Read This Book

Read This Book…

Welcome to Read This Book, a newsletter where I recommend one book that I think you absolutely must read. The books will vary across genre and age category to include new releases, backlist titles, and classics. If you’re ready to explode your TBR, buckle up!

Today’s recommendation is one of those books that has been hanging around on my TBR for literal years and my copy has probably been lugged around the country a couple of times thanks to my many moves. I finally got to it when I decided to try and cull my TBR shelf (please clap), and I am now mad I didn’t read it sooner! Ah, the life of a reader.

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cover of A Heart in a Body in the World

A Heart in a Body in the World by Deb Caletti

When a moment of everyday harassment causes Annabelle Agnelli to snap, she starts running. She runs and runs and decides that she’ll run all the way from Seattle to Washington, D.C. Her mom thinks the idea is insane and wants to stop her, but Annabelle is determined. And when her Grandpa Ed shows up in his RV, she realizes: She’s really doing this. But running thousands of miles one day at a time means Annabelle has a lot of time on her feet to think about what she’s running from, and what she’s running toward. And maybe, somewhere between Seattle and D.C., she can start to heal from the traumatic event that sent her running in the first place.

This is a tremendous book that knocked me over. Caletti starts the moment that Annabelle starts running and sticks with her every step of the way as she processes her flight response and decides to keep going. At first, as a reader, I was left wondering how on earth Caletti could sustain an entire book about Annabelle’s inner monologue while running 10-15 miles a day across the country, but very quickly I found I was in expert hands. Caletti doesn’t shy away from the intensity of Annabelle’s emotions, and even though the reader doesn’t know at the beginning why she’s running, it’s clear that Annabelle has been hurt. The deeper you get into the story, the more you learn about her past 18 months and how she found herself here. I had a few guesses about what happened in Annabelle’s backstory, and I was surprised — it’s not quite what I expected, but at the same time, I defy any young woman living in our society today who isn’t familiar with someone who has experienced a variation of what Annabelle has. I may not have been an Annabelle, but I know women who have been in her running shoes. And that makes her journey and her story so important.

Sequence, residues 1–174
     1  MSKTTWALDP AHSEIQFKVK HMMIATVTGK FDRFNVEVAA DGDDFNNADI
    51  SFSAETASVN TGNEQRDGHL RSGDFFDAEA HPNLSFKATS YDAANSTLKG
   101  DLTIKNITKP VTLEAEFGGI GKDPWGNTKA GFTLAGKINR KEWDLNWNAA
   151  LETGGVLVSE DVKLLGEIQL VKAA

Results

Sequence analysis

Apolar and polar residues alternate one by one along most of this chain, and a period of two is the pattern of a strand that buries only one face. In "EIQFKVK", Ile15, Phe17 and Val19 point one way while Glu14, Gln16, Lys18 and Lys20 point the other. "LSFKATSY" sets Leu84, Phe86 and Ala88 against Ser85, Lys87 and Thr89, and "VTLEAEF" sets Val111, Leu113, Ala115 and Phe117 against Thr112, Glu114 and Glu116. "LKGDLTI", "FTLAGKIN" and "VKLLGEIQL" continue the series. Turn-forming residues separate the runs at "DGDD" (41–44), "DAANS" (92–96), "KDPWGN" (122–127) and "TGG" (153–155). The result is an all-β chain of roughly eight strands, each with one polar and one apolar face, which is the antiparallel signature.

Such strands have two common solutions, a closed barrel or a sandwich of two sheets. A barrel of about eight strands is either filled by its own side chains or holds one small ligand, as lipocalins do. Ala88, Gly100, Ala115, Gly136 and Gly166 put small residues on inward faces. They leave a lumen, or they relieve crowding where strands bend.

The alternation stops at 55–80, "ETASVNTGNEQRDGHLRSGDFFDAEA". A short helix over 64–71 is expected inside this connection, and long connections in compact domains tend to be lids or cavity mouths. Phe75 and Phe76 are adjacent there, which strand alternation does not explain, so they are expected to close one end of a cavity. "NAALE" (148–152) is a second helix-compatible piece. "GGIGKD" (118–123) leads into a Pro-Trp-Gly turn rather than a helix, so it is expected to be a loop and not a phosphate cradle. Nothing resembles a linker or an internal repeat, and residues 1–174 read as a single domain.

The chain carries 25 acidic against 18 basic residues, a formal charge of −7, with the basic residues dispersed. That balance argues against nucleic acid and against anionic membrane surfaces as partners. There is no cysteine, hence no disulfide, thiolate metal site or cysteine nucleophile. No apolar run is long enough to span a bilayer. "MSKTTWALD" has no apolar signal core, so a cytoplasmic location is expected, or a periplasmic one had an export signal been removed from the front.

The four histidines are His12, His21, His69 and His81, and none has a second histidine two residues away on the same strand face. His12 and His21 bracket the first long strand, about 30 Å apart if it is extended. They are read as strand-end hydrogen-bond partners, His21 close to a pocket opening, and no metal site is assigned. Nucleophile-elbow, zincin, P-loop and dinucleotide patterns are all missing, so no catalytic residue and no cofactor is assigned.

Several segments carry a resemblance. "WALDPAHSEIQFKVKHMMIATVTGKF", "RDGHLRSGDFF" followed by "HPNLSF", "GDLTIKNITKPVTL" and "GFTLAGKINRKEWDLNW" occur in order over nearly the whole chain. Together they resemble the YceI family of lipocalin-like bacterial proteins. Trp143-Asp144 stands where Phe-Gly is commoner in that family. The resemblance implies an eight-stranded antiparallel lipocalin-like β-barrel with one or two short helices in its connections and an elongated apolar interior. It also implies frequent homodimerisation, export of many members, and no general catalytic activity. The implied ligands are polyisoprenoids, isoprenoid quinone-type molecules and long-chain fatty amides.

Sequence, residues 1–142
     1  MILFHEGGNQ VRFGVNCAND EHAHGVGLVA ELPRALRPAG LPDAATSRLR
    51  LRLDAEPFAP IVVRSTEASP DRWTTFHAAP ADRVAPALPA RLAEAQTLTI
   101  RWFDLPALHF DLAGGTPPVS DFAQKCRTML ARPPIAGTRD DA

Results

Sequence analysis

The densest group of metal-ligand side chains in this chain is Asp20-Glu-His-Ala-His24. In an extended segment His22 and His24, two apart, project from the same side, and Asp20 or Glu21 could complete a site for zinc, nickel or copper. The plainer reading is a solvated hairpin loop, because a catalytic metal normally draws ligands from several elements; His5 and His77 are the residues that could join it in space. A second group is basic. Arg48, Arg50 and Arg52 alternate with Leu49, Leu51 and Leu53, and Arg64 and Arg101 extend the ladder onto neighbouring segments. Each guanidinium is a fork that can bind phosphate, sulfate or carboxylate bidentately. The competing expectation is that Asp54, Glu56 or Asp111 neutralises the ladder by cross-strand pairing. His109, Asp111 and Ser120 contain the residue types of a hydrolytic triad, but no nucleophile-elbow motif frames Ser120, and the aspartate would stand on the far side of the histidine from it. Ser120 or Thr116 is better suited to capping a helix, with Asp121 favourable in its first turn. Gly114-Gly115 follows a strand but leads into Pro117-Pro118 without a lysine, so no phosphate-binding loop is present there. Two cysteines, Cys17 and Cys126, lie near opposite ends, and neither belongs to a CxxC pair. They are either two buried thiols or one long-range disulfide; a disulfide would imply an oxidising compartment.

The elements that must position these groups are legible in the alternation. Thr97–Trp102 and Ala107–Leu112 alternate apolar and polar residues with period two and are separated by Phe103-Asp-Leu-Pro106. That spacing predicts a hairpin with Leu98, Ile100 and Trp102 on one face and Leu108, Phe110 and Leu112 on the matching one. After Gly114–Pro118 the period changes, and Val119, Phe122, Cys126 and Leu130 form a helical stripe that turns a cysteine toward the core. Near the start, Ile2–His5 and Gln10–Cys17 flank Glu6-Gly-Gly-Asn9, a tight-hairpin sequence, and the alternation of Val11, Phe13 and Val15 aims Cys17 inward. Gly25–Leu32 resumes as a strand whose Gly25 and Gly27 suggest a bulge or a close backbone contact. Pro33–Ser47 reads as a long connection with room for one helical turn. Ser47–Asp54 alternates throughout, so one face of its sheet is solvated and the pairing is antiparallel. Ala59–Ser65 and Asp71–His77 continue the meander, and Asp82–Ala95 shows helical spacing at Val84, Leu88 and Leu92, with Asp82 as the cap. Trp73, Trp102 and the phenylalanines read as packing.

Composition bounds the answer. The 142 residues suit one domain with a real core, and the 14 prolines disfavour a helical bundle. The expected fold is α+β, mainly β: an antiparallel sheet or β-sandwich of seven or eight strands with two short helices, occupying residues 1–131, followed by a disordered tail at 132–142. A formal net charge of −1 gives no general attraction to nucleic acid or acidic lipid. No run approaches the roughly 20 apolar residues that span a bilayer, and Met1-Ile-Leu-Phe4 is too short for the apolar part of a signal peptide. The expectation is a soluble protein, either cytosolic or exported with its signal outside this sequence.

I loved spending so much time with Annabelle, but I also loved her support team: her worried mother, her supportive brother, her sidekick Grandpa Ed, and all of the people she unexpectedly meets on the road who see her, empathize with her, and share their stories. By the end of the book you are rooting for Annabelle not just to reach her destination, but to find the strength you know she has to face the past and step confidently into the future.

Happy reading!

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